Some years ago, humans won the war against smallpox, following its demise could be any of poliomyelitis or measles. All credit to the vaccines, medical scientists, and efforts by the World Health Organization (WHO) and other bodies that make such achievements possible. But there is a darker side to humankind’s confrontation with communicable disease — they retreat never to surrender. Raging on many fronts, this is a battle that will never be completely won. It is one in which our enemies are ever likely to challenge us in ways to which we simply cannot respond.
The awesome power of microbes such as viruses and bacteria over human affairs is extensively illustrated by the great epidemics of the past. In the 14th century, the Black Death killed one third of the entire population of Europe within about four years. Later, as Napoleon’s armies marched back and forth across the continent, typhus and other infections killed far more men than were lost in battle. Even during World War I—and despite considerable progress in medical science during four decades before the war—typhus alone was responsible for over two million deaths.
Vaccines and antibiotics have since transformed our capacity to combat these and many other conditions. In particular, the elimination of smallpox during the 1970s is rightly applauded as one of the most spectacular feats ever achieved by applied science. Thirty years ago, in light of widespread immunization, the “antibiotic revolution,” and other advances, it seemed that the conquest of dangerous viruses and bacteria was drawing to a close as a triumphant phase of human history.
Any complacency that might have existed at that time has long since been shattered by the resurgence of diseases, such as tuberculosis, which were thought to have been defeated, and by the appearance of a long catalogue of hitherto unknown or unrecognized infections. These include Campylobacter food poisoning, legionnaires’ disease, Lassa fever, Listeria food poisoning, Lyme disease, HIV/AIDS and of recent the Ebola virus. As the World Health Organization said recently: “A host of new and re-emerging diseases are now threatening the health of the world.”
There are three principal reasons to fear that, despite the unquestioned successes of the past, the future could see the emergence of an uncontrollable infection with devastating consequences for society. One is the widespread proliferation of bacteria unaffected by antibiotics, and the rapid spread of resistance (to ten or more different antibiotics) in bacterial populations.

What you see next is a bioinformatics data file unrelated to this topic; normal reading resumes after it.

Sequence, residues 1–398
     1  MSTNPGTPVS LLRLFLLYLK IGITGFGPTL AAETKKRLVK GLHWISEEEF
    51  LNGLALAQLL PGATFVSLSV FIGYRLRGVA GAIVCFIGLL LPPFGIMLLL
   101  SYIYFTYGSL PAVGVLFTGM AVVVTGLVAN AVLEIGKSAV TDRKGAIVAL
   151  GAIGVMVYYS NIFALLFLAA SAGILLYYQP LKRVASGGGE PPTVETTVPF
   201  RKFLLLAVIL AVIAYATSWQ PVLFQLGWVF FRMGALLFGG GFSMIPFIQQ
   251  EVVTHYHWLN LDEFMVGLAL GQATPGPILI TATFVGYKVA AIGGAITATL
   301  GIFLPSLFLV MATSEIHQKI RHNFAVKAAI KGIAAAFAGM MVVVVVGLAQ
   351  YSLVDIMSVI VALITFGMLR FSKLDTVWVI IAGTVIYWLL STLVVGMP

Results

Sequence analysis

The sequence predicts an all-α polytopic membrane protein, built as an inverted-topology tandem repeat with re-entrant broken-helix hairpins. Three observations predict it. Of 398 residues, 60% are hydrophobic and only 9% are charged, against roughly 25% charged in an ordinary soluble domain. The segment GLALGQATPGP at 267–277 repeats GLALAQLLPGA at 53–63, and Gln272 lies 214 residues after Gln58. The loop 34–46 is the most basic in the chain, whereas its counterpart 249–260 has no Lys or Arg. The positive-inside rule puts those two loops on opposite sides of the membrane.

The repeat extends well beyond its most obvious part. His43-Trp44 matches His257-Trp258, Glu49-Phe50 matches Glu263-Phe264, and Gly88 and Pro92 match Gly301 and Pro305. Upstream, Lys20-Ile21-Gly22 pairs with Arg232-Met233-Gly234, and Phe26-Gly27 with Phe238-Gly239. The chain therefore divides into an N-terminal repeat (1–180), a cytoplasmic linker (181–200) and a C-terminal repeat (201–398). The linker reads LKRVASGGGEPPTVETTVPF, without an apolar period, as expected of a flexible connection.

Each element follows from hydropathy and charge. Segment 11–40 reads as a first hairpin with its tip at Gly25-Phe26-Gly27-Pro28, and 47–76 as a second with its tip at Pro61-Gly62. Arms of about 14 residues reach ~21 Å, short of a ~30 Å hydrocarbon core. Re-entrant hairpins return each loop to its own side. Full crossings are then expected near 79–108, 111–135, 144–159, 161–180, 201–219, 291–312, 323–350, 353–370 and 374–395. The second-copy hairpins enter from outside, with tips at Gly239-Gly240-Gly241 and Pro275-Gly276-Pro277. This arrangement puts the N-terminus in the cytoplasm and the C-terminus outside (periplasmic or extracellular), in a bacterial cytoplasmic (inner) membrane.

The main explanation for the declining power of these drugs is simply that they have been used excessively, often being prescribed indiscriminately for trivial conditions. This over-use has led to the emergence of bacteria able to resist attack by antibiotics. To make matters worse, resistant bacteria can also pass on resistance (without losing it themselves) to initially sensitive bacteria.
A second reason for very serious concern about infectious disease in the future is that microorganisms are relentless opportunists. Because of their astronomical numbers, their phenomenal growth rate and their adaptability, they can often exploit new circumstances to grow and cause disease. For example, the bacterium responsible for legionnaires’ disease occurs in streams and lakes, where it has no effect on human health, but when the same microbe is released into the air as an aerosol, it can prove deadly. Breathed into the lungs, this otherwise innocuous bacterium causes a virulent type of pneumonia which is often fatal. Yet we simply did not know about this deadly possibility until the first outbreak of legionnaires’ disease occurred in Philadelphia in 1976.
One particular reason why microbes adapt so quickly to new circumstances is their considerable capacity to ferry genes between one organism and another. Not only genes responsible for drug resistance, but those bestowing many other traits too, are constantly being passed around in the microbial world.
The third source of anxiety about our vulnerability to infections is that our surveillance over the behavior of microbial populations is far from adequate, especially with regard to the monitoring of genetic changes in disease-causing organisms. At present, only a vanishingly tiny fraction of infections are properly diagnosed and the organisms identified. This means that we are simply ill-equipped to detect, let alone anticipate, potentially catastrophic changes in the microbial world, the outbreak and spread of the Ebola virus being a suitable example. Although a world network of influenza reference centers, coordinated by the WHO, provides some information about the emergence of new influenza viruses, overall the level of surveillance is not sufficient to detect as quickly as possible many other possible alterations in the microbial world.